Last month Telegraph Motoring outlined some revealing research conducted for Michelin by Road Safety Analysis concerning the driving habits and attitudes of young drivers.
The good news is that around 40% of drivers aged 17-25 would welcome additional mandatory driver training covering areas such as motorway driving, as outlined in the Department of Transport’s Green Paper on improving safety for young drivers. This is an subject very close to my heart and I’m delighted, but not that surprised based on the research I’ve been involved with, to see attitudes shifting amongst newly qualified drivers towards the realisation that better training makes safer drivers. Ultimate Car Control’s DX (Drive Xtra) Programme is at the forefront of this thinking and working closely with the powers that be to develop the best possible, and most engaging, training for this age group.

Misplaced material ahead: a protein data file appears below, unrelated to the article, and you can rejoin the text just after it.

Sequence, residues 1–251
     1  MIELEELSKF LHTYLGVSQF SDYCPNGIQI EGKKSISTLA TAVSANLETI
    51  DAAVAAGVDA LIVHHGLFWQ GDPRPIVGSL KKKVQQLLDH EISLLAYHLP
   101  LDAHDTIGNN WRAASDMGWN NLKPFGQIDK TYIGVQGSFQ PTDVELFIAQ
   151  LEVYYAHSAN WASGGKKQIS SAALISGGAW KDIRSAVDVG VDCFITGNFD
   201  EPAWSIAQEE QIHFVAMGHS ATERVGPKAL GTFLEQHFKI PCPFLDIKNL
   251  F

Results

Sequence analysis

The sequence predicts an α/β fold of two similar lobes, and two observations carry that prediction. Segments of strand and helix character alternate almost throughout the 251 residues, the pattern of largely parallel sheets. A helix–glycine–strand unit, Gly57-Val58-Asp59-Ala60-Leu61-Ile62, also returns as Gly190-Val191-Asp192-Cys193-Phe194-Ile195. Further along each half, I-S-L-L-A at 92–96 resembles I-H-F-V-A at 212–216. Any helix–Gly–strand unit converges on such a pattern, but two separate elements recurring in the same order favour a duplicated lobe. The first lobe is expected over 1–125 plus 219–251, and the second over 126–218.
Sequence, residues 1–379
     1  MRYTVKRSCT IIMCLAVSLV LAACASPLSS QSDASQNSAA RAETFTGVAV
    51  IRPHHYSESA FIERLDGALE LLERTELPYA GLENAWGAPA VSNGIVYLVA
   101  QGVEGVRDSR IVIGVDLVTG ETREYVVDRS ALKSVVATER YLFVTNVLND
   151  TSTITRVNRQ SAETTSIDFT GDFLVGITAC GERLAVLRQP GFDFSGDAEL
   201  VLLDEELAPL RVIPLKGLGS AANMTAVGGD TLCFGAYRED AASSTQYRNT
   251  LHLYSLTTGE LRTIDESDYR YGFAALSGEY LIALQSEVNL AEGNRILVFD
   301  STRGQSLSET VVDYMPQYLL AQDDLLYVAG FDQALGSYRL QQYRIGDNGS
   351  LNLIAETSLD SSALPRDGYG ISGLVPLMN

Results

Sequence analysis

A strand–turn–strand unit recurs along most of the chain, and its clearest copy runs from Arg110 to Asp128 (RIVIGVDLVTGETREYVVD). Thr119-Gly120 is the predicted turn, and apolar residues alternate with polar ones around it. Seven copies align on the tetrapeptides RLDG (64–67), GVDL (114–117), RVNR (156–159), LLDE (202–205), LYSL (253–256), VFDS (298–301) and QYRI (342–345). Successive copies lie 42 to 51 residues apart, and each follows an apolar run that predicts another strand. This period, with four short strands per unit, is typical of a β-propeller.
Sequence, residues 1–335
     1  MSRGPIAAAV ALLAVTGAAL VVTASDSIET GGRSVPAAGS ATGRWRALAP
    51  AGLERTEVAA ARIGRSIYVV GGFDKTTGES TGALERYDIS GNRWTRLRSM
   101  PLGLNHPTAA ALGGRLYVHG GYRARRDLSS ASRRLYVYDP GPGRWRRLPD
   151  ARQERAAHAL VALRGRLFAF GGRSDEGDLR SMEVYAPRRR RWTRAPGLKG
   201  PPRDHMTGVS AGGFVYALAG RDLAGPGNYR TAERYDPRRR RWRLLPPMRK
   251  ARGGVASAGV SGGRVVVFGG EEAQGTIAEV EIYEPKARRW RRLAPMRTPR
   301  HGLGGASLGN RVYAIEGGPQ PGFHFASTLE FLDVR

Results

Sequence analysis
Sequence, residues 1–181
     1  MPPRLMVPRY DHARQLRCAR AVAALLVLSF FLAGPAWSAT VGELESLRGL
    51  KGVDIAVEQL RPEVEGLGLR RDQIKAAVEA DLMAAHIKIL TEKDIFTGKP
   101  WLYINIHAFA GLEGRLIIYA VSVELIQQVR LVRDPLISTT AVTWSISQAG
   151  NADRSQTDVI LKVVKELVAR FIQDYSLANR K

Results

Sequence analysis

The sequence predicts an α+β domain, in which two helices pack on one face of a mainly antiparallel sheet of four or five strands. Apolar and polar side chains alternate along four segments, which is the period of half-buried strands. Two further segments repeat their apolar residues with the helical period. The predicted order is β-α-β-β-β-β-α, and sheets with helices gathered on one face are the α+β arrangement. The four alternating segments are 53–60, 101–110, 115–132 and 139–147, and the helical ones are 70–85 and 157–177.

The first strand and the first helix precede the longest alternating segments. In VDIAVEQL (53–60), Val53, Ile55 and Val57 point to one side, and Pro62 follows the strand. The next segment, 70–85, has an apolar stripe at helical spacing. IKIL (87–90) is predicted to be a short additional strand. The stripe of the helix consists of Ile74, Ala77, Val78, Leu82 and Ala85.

The bad news is that it seems that young drivers on rural roads are still involved in many more crashes than those on urban roads. Young rural drivers are almost twice as likely (44%) to be involved in a collision compared with young urban drivers. 41% admit they are more likely to drive faster on rural roads, and this makes them 68% more likely to be on a crash on a 60mph road than urbanites. It seems there’s a lot of misplaced confidence in their own abilities for driving at speed on winding, often unlit, roads and this, as you might expect often ends badly.
The study showed that between 2007 and 2011, 8.227 young drivers living in rural areas were in collisions which resulted in a fatality or serious injury. Darren Lindsey, head of government affairs at Michelin, said “There is an urgent case for greater education and awareness among young drivers, especially those in rural areas.”
If you’re concerned about your driving skills and want to gain better control of your vehicle then extra training doesn’t have to be boring. The dynamics elements of the DX course take place in secure surroundings away from the road and you really get to understand how to control your vehicle at speed… and most importantly learn how to avoid becoming another statistic. Find out more at www.UltimateCarControl.com/DX